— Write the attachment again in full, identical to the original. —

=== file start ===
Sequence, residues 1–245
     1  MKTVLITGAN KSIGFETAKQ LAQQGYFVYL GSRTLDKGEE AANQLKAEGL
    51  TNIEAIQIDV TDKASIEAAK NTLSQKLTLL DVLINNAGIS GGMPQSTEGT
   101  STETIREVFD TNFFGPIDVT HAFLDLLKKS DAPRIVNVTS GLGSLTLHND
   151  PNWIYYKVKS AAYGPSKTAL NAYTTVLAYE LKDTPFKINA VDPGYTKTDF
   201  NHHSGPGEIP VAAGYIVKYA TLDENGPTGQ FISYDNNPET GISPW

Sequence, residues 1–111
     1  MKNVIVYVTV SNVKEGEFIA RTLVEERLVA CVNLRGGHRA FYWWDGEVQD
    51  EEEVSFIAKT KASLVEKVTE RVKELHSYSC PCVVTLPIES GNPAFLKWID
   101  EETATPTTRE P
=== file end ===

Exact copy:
Sequence, residues 1–245
     1  MKTVLITGAN KSIGFETAKQ LAQQGYFVYL GSRTLDKGEE AANQLKAEGL
    51  TNIEAIQIDV TDKASIEAAK NTLSQKLTLL DVLINNAGIS GGMPQSTEGT
   101  STETIREVFD TNFFGPIDVT HAFLDLLKKS DAPRIVNVTS GLGSLTLHND
   151  PNWIYYKVKS AAYGPSKTAL NAYTTVLAYE LKDTPFKINA VDPGYTKTDF
   201  NHHSGPGEIP VAAGYIVKYA TLDENGPTGQ FISYDNNPET GISPW

Sequence, residues 1–111
     1  MKNVIVYVTV SNVKEGEFIA RTLVEERLVA CVNLRGGHRA FYWWDGEVQD
    51  EEEVSFIAKT KASLVEKVTE RVKELHSYSC PCVVTLPIES GNPAFLKWID
   101  EETATPTTRE P